When I first read the topic for this issue of Paprika!, it filled me with anxiety. As I near the end of my architecture education, I realize that I still have no idea what this dash of something special could be. Is it the underlying formal geometry? Is it the aesthetic experience? Is it the spatial variable? Will I ever know? It seems that every time I think I know what it might be, I learn something new about architecture that changes my whole perspective on what that “secret ingredient” is.
Besides step 5, “add a dash of aaaaaaa”, the recipe offered in the prompt makes a lot of sense, and got me wondering, why isn’t architecture taught in that way? As a series of steps to follow, a methodology of sorts. Couldn’t design studios be set up like methods seminars? Where you are exposed to a series of approaches to solving problems, as well as their strengths and limitations, and try them out for yourself on your projects.
Instead, the education of architects is filled with mystery. It’s truethat there is no straight path towards gaining the knowledge you
will need. You might learn something in a computational design seminar or a composition course that solves the problem you were scratching your head about during last semester’s studio project. But then again you would have never been able to arrive at that knowledge if you hadn’t taken last semester’s studio in the first place! It’s a catch-22. You only start to gain a sense of the full picture years after your first design studio. And even then, you might have an idea of the pieces, but not always how to put them together. The recipe described so clearly in this Paprika! issue takes years of trial and error, of fumbling and bumbling to arrive at.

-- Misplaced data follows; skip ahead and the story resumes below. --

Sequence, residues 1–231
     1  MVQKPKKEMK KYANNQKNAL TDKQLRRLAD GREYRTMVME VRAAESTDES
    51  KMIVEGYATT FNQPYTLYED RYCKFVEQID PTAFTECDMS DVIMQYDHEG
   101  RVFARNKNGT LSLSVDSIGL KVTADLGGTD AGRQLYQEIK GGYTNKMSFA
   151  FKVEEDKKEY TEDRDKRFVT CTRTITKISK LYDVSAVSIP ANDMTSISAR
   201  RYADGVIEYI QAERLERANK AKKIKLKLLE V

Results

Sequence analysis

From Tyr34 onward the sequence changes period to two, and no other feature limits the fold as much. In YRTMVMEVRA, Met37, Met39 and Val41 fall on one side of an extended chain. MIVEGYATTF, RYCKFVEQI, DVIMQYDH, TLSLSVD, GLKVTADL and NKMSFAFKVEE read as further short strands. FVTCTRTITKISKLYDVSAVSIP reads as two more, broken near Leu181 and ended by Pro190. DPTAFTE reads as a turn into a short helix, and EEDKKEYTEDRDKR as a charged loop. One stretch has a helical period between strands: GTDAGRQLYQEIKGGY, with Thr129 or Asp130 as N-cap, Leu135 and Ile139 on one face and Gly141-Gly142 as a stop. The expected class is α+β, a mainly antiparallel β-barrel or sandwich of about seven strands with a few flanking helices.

An added level of enigma further exacerbates the confusion created by this non-linear form of acquiring knowledge. Architects are encouraged to present clear arguments, but not to reveal their cards. The idea of using a recipe or methodology is contrary to everything we are told about making Great Architecture. Many architects would refuse to admit to using a recipe.
Perhaps the confusion arises because for every architect, the recipe is different. What changes from architect to architect is not so much
the dash of something special, but rather the order and quantities of all ingredients involved. As you gain more experience and knowledge, you add and subtract from that recipe. Some pieces of information will cause you to throw the recipe out altogether. Then there is the question of gaining knowledge but not knowing what to do with it—knowing you want your architecture to incorporate this new knowledge but not knowing how to do it.
What makes architecture special is its ability to grapple with and integrate a variety of ingredients that do not necessarily make sense together. Maybe we shouldn’t be looking for this “special ingredient,” but instead focus on mastering many different recipes.